Derby blog

Full-stack MVC framework making it easy to write realtime, collaborative applications

Derby v0.1.9

The latest release of Derby includes easier installation without Redis; automatic reloading of scripts, templates, and styles; better subscription functionality; and lots of bug fixes.

Modularity FTW

In preparation for adding persistent storage, we have finished a major refactor of Racer, the realtime model engine for Derby. The latest release includes the ability to plugin various functionality, and there will be separate plugins for different database, journal, and PubSub adapters. We already have preliminary plugins for a MongoDB database, Redis journal, and Redis PubSub, though we are still working on some bugs.

Another awesome benefit of the refactor is that Redis is no longer required by default, and you can now start playing around with Derby after a simple npm install -g derby.

Command-S and kick back

Thanks to Up and Node.js v0.6’s fs.watchFile, Derby now supports automatic page updates in development. Derby’s new derby.run method starts a server via Up and reloads the server whenever any script files in the project are saved.

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require('derby').run(__dirname + '/lib/server')

In development, the browser will automatically reload when it reconnects and notices that the server has a new version. Simply generate a new project via

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$ derby new project-name

and it will be set up to use this feature.

In addition, saving style files will automatically recompile CSS and update connected browsers. Saving template files will re-render the page in connected browsers. Get a big monitor and tweak those styles like it’s nobody’s business!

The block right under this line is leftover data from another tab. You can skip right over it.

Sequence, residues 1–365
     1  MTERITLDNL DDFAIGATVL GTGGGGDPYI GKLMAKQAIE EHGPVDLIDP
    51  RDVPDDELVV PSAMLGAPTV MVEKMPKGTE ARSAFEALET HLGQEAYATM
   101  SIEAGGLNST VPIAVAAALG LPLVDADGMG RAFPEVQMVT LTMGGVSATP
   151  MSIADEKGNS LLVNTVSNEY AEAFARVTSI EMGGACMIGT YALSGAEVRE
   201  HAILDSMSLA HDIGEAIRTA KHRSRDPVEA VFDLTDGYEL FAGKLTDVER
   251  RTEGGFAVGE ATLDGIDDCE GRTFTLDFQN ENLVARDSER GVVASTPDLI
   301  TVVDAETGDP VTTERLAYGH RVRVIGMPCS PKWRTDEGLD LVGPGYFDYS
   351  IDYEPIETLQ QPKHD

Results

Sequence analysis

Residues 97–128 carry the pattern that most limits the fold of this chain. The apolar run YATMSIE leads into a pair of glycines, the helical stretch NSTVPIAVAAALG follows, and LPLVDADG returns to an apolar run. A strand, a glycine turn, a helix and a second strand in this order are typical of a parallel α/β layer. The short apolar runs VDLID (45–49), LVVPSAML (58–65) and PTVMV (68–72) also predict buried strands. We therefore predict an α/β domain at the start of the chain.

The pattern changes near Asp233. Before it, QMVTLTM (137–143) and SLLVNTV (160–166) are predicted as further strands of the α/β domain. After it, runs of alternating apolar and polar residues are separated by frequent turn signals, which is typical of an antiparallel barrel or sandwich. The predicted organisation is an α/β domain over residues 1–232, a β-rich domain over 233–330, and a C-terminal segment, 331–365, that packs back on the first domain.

Subscribe – now with less whack!

The model.subscribe() method has been simplified to take advantage of scoped models. Previously, the format for subscribe was the somewhat wacky:

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// WARNING: Old API
model.subscribe({_room: 'rooms.' + roomName}, function() {
  console.log(model.get('_room.stuff'))
})

The new format is more clear:

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model.subscribe('rooms.' + roomName, function(err, room) {
  model.ref('_room', room)
  console.log(room.get('stuff'))
})

There is also a new method model.fetch(), which has the same format as subscribe. However, it only gets data from the store and sets it in the model. It does not create any subscriptions to ongoing updates, and it does not require the use of PubSub.

Subscribe and fetch will also support queries, though the implementation is still being finalized.

Seriously, we are going support MongoDB soon

I know this has been a long time coming—persistence is just around the corner. We have it mostly working with the Todos example, but we are still working through some bugs. Note that adding persistence will simply require configuring the store in the server file. It will look something like:

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// No persistence
app.createStore({ listen: server })
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// Persistence-a-go-go

derby
  .use(require('racer-journal-redis'))
  .use(require('racer-pubsub-redis'))
  .use(require('racer-db-mongo'))

app.createStore({
  listen:  server
, journal: {type: 'Redis'}
, pubSub:  {type: 'Redis'}
, db:      {type: 'Mongo', uri: 'mongodb://localhost/database'}
})

It shouldn’t require any changes to your application code, and it won’t affect the model API, so go ahead and prototype with the current version of Derby.

Note that if you try out this out now, bad things will happen. But hey, the code is on the Internet, so someone is obviously going to do it. Just know that it isn’t supposed to work yet.